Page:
Sex and Chance: Strange Bedfellows?
History was sex, French was sex, art was sex, the Bible... everything was sex except biology which was obviously sex but not really sex, not the one that was secret and ecstatic and wicked and a sacrament and all the things it was supposed to be but couldn't be at one and the same time-- I got that in the boiler room and it turned out to be biology after all. (Stoppard, 218)
I'll admit it. I'm fascinated by sex. After all, it is the reason that we are all here, isn't it? And not just thanks to our parents: for years and years and years, sex has been the motor driving the evolutionary process. I don't think people give sex enough credit for its role ...view middle of the document...
As Stoppard puts it: "Einstein- relativity and sex. Chippendale- sex and furniture. Galileo- 'Did the earth move?'" (Stoppard, 90).
In this sense, everything we do is linked inextricably to sex. (Upon writing this previous sentence, I realized that I have picked a topic which is quite beyond the scope of this paper, and would require many many years of research. However, I hope to make a few concise points before the implications of this opening hit and I have to scramble around to tie things up.)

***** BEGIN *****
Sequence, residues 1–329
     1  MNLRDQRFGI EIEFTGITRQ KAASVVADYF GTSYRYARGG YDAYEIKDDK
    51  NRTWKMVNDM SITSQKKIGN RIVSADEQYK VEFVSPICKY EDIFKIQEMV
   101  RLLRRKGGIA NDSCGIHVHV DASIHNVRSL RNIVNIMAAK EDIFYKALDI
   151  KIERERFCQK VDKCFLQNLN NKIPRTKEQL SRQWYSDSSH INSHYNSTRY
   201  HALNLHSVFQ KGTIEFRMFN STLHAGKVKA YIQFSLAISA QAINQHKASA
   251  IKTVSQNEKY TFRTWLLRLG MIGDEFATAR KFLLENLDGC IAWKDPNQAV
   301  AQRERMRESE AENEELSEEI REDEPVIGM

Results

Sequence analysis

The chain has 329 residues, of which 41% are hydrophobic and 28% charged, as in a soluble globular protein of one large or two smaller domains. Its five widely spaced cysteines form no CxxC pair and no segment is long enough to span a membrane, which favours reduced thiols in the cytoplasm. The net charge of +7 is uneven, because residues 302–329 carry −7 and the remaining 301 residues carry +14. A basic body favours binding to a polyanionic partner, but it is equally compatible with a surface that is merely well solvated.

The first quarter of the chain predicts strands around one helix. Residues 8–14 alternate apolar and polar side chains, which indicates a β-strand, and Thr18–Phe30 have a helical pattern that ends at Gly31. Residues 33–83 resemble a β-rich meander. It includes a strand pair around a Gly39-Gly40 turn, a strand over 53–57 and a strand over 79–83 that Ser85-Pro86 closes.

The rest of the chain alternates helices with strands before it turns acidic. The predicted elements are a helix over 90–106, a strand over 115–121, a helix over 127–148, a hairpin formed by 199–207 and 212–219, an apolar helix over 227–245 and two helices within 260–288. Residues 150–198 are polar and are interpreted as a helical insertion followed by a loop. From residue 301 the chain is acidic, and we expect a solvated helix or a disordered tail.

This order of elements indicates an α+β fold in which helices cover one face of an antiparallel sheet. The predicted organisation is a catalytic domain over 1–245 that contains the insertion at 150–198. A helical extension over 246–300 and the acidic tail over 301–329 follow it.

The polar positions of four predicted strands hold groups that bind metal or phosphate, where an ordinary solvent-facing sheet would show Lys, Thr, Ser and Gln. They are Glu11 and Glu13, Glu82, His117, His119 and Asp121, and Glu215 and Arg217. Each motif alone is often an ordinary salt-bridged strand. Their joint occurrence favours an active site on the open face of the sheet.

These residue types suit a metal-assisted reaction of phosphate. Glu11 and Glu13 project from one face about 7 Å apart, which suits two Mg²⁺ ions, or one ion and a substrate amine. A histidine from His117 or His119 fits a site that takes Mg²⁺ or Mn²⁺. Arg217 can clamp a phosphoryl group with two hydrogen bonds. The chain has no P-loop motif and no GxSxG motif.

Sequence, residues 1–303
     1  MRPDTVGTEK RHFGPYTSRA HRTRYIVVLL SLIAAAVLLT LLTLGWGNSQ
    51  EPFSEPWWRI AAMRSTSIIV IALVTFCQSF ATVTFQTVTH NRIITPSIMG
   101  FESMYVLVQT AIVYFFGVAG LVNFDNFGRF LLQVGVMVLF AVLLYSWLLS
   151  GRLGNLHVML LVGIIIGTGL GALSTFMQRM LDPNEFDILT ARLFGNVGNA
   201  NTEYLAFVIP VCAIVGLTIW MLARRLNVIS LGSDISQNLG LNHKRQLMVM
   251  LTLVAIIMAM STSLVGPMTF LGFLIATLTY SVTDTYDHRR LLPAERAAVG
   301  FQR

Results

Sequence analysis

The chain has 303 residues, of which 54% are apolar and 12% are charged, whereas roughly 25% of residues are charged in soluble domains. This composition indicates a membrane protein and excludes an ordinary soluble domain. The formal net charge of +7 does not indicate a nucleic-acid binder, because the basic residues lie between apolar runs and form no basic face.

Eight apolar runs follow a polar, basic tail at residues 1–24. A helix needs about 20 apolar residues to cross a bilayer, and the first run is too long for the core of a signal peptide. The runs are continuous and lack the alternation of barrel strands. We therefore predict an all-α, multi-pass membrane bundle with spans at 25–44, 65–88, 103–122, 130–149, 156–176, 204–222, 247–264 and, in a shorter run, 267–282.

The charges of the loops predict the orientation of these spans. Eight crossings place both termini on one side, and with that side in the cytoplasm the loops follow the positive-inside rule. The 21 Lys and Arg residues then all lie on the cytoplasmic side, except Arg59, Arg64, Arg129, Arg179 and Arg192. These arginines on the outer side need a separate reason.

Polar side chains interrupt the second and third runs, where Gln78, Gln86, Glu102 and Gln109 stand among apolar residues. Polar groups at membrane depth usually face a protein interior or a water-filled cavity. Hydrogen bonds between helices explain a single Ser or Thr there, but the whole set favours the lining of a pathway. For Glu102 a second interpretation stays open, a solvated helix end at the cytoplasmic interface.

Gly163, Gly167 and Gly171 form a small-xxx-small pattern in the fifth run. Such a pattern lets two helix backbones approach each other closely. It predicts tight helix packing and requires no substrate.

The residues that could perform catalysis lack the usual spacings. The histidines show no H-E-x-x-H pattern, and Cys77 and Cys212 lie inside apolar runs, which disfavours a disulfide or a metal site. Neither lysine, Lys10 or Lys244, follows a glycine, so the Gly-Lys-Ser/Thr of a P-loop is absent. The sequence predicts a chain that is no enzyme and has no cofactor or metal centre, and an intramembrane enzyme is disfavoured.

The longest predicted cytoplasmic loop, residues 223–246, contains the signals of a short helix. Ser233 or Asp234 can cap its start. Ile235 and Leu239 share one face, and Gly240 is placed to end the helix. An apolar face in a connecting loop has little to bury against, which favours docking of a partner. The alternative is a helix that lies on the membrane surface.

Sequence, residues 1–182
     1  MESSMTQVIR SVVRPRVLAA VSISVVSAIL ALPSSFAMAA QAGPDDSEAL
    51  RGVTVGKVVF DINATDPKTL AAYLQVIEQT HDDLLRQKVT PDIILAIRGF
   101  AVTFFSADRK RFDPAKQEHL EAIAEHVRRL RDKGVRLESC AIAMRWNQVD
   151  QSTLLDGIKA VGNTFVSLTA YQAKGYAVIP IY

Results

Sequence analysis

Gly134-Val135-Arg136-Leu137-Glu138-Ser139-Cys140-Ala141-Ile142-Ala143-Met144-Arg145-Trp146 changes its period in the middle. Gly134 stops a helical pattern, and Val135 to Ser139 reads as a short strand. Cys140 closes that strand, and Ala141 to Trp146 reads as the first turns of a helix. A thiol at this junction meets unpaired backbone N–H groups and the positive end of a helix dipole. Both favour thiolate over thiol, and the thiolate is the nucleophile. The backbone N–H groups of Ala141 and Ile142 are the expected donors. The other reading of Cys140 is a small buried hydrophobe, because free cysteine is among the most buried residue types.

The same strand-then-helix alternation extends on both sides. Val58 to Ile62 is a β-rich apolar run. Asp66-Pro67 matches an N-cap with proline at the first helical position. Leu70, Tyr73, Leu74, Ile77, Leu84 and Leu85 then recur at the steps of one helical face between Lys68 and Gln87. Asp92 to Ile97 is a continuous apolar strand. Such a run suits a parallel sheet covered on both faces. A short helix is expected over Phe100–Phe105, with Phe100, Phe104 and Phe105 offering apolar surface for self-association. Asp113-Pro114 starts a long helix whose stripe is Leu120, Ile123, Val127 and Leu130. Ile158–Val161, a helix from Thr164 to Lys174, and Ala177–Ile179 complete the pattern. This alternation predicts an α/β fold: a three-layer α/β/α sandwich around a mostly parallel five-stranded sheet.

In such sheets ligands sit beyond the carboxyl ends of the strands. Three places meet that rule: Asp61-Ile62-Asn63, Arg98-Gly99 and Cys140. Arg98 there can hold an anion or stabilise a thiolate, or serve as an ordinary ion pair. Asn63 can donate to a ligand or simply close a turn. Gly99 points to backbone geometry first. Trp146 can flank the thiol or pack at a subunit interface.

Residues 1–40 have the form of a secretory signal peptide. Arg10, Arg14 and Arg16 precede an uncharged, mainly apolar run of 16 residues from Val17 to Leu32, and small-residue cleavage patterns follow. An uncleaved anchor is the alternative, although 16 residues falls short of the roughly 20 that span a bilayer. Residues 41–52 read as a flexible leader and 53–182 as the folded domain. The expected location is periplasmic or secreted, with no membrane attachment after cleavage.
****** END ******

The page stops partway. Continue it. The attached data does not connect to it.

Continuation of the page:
Take for example birth control. Birth control can be considered an isolating mechanism because "copulation [is] attempted but no transfer of sperm takes place." (Mayr, 171). Mayr says, "The isolating mechanisms of species are devices to protect the integrity of well-balanced , harmonious genotypes." (Mayr, 170). How does birth control protect the "integrity" of the human genotype? I would argue that since birth control has become a self-imposed isolating mechanism, it actually does little towards protecting against anything besides unwanted pregnancies. Every instant of conception remains equally fraught with that wonderful element of "chance" which Mayr explains to us. If there are fewer chances for conception, that does not mean that there will be any less "chance" involved in any individual exchange.
However, human response to birth control remains mixed at best. I know a family with several children who have remarked, "We'll have as many as god gives us." Birth control is less acceptable to those who view sex as solely a means for reproduction. Birth control interferes with the natural course of events: they might call it god, but Mayr would just as easily name it chance. These people have their story about birth control. However, I also know a number of women who are quite pleased...